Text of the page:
Find Your Marketing North Star With Social Media Monitoring

Guest post by Eric Melin, Manager Marketing & Communications at Social: IRL sponsor, Spiral16.

Spiral16 North StarMarketers are continually challenged with finding ways to measure their social media programs and digital marketing campaigns.

There are a ton of different metrics out there, but the most important thing that marketers and analysts can do is find that critical correlation between the right metrics that comes together to tell the story — that “north star,” as it were, that will guide your strategy and action going forward.

An article I ran across on Time’s Swampland blog about politics and the economy spells this out even more clearly. It’s called The Most Important Chart in American Politics, and it’s above. The chart identifies the single most crucial piece of President Obama’s 20012 re-election campaign: his political north star.

There are three lines mapped out across a timeline of the last two decades:

“The first two lines — productivity and per capita gross domestic product — are rising. This is the unmistakable American success story, the one reflected in record corporate profits, growing wealth accumulation and the unmatched efficiency of this country’s economy. The third line tracks median household income, as measured by the U.S. Census. It shows the story of frustration and stagnation that so many Americans long ago accepted as a reality.”

It is crystal clear when looking at the chart that the third line diverged from the first two after the year 2000. You could fill up a book debating the causes of that divergence, but the end result is an unmistakable political takeaway: “Much of the U.S. stopped feeling the benefits of a growing national economy.”

How does this apply to social media monitoring?  

Business metrics are financial, while web metrics are NOT. The trick is to correlate the two in a meaningful way — like the “political north star” chart above.   READ MORE

The Social Business Textbook: A Valuable New Resource for Social Communications Professionals

Today, we share a guest post by Jordan Slabaugh, Director of Social Media at Social: IRL sponsor, Spredfast. We are grateful to Spredfast and each of our sponsors for their support, and enjoy sharing valuable resources they provide, such as this Social Business Textbook.  While social continues to grow and change, there are foundational concepts and best practices that all social practitioners should know and understand. Spredfast created this comprehensive 45 page textbook to be a resource that helps bring members of growing social teams up to speed and the go-to primer on the main elements of social programs for those already in the industry. In addition to providing a strategic discussion of each social topic, they include models to visualize each concept, brand action items to make concepts practicable, and brand examples to show each element in action.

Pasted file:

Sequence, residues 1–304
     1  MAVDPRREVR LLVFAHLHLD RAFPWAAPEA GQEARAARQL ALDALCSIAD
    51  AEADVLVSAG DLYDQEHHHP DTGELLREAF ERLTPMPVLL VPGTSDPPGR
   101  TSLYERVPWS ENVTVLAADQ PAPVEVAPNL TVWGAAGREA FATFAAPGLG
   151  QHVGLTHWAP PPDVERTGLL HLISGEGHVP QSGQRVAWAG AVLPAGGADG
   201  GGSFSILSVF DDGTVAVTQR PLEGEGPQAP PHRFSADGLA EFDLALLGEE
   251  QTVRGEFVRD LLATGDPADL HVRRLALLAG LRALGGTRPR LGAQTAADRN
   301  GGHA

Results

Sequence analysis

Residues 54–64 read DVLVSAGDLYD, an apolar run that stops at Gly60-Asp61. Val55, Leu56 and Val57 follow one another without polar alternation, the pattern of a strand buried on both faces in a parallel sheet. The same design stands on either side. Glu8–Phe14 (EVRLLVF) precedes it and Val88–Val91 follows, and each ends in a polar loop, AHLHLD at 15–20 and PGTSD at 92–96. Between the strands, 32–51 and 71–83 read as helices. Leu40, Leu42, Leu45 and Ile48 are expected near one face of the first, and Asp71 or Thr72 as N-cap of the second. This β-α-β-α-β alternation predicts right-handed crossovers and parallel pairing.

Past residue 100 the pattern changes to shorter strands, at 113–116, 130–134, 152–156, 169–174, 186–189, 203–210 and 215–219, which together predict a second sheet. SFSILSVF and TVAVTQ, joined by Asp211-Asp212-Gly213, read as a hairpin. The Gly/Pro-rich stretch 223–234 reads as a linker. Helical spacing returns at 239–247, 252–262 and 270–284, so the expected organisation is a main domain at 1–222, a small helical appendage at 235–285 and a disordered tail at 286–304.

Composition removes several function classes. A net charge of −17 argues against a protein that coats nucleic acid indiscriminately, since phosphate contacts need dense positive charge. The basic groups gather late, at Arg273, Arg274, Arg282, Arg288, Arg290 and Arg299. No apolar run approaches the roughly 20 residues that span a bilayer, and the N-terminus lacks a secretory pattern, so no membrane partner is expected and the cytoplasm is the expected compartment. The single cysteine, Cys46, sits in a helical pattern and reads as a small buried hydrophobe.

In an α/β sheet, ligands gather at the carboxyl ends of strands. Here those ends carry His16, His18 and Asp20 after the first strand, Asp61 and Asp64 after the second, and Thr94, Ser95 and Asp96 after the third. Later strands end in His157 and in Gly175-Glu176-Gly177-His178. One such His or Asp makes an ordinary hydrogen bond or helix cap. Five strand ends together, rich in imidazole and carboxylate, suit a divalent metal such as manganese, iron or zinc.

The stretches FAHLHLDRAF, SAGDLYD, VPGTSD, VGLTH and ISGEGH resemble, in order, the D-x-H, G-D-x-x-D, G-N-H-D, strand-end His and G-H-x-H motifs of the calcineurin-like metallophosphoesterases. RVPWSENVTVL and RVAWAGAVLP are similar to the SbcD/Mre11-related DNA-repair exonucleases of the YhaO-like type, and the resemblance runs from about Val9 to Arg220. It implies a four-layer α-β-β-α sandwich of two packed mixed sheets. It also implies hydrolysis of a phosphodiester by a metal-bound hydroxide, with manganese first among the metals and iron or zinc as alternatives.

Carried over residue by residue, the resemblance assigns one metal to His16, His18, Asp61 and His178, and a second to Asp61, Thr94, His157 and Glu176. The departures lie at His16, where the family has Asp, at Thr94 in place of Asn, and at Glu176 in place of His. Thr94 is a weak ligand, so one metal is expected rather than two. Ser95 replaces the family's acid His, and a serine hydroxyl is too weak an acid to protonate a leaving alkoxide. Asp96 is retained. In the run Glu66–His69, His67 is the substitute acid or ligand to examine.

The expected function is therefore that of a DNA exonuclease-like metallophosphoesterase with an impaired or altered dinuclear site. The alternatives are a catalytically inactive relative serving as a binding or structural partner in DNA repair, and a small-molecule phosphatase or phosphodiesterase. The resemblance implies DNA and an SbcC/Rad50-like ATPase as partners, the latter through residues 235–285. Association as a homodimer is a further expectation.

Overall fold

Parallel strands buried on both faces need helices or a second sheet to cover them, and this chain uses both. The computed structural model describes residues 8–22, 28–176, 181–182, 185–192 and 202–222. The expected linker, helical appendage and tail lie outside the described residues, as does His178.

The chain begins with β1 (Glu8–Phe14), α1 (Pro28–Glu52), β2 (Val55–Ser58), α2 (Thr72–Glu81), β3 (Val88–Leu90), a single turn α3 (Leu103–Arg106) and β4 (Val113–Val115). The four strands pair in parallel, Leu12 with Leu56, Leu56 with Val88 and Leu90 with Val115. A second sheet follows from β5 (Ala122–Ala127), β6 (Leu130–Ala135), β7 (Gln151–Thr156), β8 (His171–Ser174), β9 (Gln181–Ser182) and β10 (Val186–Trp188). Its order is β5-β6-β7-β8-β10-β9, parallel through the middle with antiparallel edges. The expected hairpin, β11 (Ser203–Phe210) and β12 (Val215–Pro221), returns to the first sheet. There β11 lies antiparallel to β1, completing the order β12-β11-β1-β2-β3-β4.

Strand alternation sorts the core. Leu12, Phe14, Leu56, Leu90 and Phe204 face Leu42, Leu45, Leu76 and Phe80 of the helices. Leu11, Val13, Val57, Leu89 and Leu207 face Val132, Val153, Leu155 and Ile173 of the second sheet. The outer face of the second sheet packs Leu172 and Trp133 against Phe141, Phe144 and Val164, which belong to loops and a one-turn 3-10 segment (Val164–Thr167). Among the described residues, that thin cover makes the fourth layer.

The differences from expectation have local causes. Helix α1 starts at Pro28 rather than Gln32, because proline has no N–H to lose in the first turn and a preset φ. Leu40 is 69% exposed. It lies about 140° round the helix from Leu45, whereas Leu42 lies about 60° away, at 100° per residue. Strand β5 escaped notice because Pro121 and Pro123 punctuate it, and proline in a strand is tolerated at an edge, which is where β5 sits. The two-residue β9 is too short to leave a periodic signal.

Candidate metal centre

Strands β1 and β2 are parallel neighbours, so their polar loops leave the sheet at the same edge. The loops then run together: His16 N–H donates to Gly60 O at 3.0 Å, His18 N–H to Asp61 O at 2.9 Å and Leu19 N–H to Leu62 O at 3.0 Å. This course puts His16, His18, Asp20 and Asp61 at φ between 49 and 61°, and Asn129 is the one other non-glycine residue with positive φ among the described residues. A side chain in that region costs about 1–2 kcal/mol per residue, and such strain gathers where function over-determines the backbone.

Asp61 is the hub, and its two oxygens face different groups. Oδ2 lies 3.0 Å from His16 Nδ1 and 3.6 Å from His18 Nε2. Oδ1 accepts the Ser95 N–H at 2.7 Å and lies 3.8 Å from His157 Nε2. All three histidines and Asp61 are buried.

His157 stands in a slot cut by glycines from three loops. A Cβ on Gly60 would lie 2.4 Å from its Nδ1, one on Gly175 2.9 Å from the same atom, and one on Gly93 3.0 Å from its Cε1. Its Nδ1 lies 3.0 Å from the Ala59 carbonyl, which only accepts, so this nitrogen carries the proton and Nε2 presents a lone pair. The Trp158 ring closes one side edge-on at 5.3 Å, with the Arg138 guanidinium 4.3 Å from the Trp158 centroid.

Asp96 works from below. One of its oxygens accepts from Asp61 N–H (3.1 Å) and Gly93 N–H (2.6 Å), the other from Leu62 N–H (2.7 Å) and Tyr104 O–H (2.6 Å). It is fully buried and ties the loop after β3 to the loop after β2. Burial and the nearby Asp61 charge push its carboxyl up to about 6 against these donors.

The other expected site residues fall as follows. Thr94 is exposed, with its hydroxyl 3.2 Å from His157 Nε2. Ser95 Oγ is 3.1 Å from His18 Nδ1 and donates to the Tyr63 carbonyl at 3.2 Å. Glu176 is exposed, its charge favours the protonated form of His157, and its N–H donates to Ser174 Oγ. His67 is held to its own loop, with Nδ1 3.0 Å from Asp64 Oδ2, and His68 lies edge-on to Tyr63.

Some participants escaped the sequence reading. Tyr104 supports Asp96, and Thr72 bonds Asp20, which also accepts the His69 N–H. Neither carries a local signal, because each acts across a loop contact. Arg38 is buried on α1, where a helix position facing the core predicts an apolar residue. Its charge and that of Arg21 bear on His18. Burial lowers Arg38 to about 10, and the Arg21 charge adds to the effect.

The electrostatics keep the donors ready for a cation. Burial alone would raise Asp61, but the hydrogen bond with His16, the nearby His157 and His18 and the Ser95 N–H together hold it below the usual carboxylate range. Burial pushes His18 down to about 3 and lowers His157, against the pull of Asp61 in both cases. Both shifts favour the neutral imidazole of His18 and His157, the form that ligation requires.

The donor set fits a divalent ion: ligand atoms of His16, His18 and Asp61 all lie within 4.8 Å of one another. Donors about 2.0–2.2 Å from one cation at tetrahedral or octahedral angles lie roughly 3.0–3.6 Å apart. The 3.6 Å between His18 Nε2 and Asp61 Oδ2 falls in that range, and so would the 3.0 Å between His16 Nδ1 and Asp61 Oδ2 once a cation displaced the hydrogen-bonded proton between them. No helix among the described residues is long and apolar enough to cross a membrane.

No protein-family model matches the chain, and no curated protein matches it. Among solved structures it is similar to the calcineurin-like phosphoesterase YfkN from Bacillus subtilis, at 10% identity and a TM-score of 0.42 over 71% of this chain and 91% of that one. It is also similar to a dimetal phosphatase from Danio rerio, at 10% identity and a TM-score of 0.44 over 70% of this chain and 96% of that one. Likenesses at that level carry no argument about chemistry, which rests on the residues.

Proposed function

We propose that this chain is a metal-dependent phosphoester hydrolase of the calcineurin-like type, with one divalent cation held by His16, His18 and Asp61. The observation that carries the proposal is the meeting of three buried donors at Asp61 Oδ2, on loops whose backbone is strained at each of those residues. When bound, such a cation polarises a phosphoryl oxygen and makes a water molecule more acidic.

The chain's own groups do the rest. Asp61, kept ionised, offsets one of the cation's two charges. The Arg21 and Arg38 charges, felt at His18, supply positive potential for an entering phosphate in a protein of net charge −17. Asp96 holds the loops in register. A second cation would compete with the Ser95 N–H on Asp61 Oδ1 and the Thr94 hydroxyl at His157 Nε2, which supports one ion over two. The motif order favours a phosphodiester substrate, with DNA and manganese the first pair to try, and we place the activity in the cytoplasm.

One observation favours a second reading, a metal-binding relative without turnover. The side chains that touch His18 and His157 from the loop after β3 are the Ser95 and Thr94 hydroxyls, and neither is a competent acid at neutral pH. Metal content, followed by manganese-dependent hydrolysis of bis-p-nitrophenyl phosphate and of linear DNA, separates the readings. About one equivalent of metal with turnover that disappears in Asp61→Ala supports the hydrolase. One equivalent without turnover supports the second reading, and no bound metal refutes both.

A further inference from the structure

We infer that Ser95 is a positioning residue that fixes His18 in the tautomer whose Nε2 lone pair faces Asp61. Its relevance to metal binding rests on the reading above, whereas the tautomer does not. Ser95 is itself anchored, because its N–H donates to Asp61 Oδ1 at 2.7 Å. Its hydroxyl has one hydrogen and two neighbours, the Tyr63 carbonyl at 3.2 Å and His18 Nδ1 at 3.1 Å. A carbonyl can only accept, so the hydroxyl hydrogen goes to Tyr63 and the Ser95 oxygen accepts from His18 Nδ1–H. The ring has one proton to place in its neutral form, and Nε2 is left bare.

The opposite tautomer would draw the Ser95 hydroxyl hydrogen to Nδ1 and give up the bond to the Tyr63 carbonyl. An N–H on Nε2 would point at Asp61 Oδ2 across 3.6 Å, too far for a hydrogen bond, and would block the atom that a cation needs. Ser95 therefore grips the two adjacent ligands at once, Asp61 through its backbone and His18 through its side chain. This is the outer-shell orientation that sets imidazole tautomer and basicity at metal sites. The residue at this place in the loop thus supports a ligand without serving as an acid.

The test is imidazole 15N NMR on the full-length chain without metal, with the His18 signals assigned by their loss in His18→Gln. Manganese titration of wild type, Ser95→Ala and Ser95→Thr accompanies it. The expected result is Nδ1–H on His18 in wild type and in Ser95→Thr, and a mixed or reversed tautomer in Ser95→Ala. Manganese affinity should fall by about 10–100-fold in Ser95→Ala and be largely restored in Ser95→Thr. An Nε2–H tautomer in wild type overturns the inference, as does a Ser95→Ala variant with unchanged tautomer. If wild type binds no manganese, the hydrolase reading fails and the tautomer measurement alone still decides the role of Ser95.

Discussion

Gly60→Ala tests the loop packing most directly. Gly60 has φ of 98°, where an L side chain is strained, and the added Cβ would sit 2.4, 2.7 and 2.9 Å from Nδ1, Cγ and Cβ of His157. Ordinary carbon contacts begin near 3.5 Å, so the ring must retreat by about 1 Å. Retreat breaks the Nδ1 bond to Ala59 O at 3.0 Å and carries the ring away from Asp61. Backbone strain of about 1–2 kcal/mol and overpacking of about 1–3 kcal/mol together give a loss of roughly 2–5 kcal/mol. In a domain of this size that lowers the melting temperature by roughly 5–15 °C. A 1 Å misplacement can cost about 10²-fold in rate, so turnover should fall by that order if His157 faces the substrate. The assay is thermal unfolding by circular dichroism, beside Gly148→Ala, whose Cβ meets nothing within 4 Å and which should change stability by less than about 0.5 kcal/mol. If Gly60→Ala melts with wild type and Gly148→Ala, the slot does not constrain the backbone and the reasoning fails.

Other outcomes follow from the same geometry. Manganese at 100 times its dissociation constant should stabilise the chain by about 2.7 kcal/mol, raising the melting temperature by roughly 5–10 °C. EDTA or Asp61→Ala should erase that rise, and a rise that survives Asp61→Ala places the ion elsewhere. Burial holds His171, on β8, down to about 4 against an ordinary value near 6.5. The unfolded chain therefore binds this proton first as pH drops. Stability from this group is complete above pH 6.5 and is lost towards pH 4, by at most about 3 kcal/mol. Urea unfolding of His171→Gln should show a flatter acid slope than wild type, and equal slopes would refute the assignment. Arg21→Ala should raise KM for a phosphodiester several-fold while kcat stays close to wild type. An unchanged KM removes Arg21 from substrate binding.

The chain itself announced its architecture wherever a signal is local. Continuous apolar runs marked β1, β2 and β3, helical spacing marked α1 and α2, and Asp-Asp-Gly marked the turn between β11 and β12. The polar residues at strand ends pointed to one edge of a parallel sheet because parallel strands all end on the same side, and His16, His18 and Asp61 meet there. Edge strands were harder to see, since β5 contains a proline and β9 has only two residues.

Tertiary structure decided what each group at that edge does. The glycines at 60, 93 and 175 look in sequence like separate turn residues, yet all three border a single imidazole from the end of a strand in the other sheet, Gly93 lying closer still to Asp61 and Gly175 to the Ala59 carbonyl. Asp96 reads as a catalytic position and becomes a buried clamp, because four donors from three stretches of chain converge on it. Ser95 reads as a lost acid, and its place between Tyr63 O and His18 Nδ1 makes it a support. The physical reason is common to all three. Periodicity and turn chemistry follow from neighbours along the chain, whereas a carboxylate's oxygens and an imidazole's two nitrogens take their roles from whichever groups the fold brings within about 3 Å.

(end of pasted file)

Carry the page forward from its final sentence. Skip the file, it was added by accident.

Spredfast Social Business TextbookThe world of social communications is exhilarating.  As consumers, social media offers us the ability to connect with brands, products, and topics we care most about. And for brands, social media has blown open the proverbial company doors to meet the communication expectations of these consumers, leaving seemingly endless opportunities to connect with, engage, and delight social customers.

In a rapidly evolving communication space, social professionals have had to become scholars of sorts, studying up on social business practices with one-off resources and examples. But now that social business is an established field, we at Spredfast saw the need for a foundational resource to serve as a primary guide for members of ever-increasing social teams, and an expansion of the fundamentals for those of us already in the field. And with that, we’re excited to introduce the Social Business Textbook.

For some social brands, identifying the keys to social business success can feel like gumshoeing it in a complicated mystery novel. But what if these practices were presented in familiar terms, like primary school subjects, to make them more relatable? We set out to standardize social concepts to help brands get back to basics.

What made it into the syllabus?

 Spredfast Social History conceptHistory [Social Listening]: Concerted listening efforts focused on the people, conversations, and relevant activity about your brand to yield valuable insights to understand past events, inform current decisions, and improve future outcomes.